Q: I inadvertently watched “The Hurt Locker” and “The Messenger” on consecutive nights. Could you view these stories as companion pieces?
A: They’re definitely parallel in terms of what’s going on. “The Messenger” doesn’t have any scenes from the war zone. But it has all these emotional battle scenes. “The Hurt Locker” is very intense and gripping when caring for the lives of the people that you see. But every time somebody gets blown up in “The Hurt Locker,” there’s a notification going on within 24 hours.
Q: Did you have much interaction with actual notification officers when you were writing the project?
A: We spoke with a few in the script stage. As we got closer to production, the Army came onboard to support the film and gave us access to people. We talked to a whole lot of people who had combat experience and casualty notification experience. To a man, every single one of them said, “I’d rather be in combat than go to a family and tell them their loved one is not coming back.”
Q: Was the Army pleased with how the project turned out?
A: We have no official Army policy about the movie. But we spoke to a lot of retired and active-duty Army guys. We had very strong emotional reactions to the film. I don’t want to be presumptuous, but I haven’t heard from soldiers who hated the movie. … But it’s also a generational thing. A lot of Vietnam vets really claim it as their own. They really connect with it immediately. Then a lot of guys who are coming back from Iraq or Afghanistan, it’s a lot harder for them to see this movie. And when they do, the ones we spoke to are just grateful that the portrayal of the soldiers in the movie is respectful and attuned to the problems they’re dealing with right now.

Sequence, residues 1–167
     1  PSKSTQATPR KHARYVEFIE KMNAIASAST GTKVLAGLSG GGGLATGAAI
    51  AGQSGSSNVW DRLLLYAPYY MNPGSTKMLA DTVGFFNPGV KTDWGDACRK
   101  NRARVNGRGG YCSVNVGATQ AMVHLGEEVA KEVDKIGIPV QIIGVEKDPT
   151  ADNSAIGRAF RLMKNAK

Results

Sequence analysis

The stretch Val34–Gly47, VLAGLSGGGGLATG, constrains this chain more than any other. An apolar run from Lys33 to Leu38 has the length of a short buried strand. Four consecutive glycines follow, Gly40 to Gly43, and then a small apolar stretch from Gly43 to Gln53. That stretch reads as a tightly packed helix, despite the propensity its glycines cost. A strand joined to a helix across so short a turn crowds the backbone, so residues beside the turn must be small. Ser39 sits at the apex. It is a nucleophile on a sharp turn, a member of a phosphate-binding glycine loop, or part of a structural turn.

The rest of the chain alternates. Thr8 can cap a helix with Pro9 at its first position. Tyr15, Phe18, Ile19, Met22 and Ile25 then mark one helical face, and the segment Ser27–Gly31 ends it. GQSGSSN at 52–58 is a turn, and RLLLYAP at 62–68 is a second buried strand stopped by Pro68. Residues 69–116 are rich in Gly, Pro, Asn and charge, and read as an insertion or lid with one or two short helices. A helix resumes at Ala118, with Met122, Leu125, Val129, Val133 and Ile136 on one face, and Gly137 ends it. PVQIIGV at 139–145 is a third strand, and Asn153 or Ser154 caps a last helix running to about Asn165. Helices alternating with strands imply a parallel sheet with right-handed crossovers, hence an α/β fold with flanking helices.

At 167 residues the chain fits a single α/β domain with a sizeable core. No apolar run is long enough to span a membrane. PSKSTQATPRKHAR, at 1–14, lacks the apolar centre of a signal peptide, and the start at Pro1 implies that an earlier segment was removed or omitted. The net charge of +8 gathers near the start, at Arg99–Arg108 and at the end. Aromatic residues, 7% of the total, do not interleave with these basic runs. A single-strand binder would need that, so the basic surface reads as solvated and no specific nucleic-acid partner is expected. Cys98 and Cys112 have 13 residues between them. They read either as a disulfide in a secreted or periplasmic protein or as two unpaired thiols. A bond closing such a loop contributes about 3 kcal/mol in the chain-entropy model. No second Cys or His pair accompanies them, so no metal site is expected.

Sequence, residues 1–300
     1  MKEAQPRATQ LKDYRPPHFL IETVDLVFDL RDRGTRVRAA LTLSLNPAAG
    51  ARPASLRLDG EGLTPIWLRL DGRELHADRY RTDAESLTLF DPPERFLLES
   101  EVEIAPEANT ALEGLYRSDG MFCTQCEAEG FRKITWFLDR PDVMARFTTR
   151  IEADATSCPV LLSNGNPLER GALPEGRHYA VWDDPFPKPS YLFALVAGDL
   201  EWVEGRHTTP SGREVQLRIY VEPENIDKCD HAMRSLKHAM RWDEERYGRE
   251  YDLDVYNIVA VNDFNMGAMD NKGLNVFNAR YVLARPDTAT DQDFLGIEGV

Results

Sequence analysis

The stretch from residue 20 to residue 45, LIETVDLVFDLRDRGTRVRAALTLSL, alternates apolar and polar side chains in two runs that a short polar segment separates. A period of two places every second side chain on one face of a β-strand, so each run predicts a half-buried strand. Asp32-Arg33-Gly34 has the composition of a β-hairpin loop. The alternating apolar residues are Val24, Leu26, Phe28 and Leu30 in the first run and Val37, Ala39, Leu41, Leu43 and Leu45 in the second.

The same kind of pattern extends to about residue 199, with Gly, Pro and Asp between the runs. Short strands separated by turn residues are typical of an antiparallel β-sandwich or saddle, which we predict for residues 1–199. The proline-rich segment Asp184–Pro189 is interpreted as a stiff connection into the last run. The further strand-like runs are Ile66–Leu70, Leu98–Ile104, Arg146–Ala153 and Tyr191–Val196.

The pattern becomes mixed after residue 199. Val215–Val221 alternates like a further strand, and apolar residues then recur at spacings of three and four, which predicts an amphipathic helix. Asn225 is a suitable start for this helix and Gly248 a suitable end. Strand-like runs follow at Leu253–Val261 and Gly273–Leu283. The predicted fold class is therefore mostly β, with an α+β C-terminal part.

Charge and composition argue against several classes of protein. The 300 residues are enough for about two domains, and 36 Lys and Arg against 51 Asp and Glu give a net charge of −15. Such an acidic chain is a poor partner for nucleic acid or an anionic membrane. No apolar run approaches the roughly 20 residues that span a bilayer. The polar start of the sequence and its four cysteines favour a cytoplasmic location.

Q: What’s the most unusual reaction you’ve received from a viewer of your film?
A: What happens quite often is that people want to tell you a story. It’s usually something that happened to them — it’s not necessarily about the movie either. It’s really about grief. We all get notified in life. We all get bad news about someone we know who we’ve lost. People connect to the movie emotionally.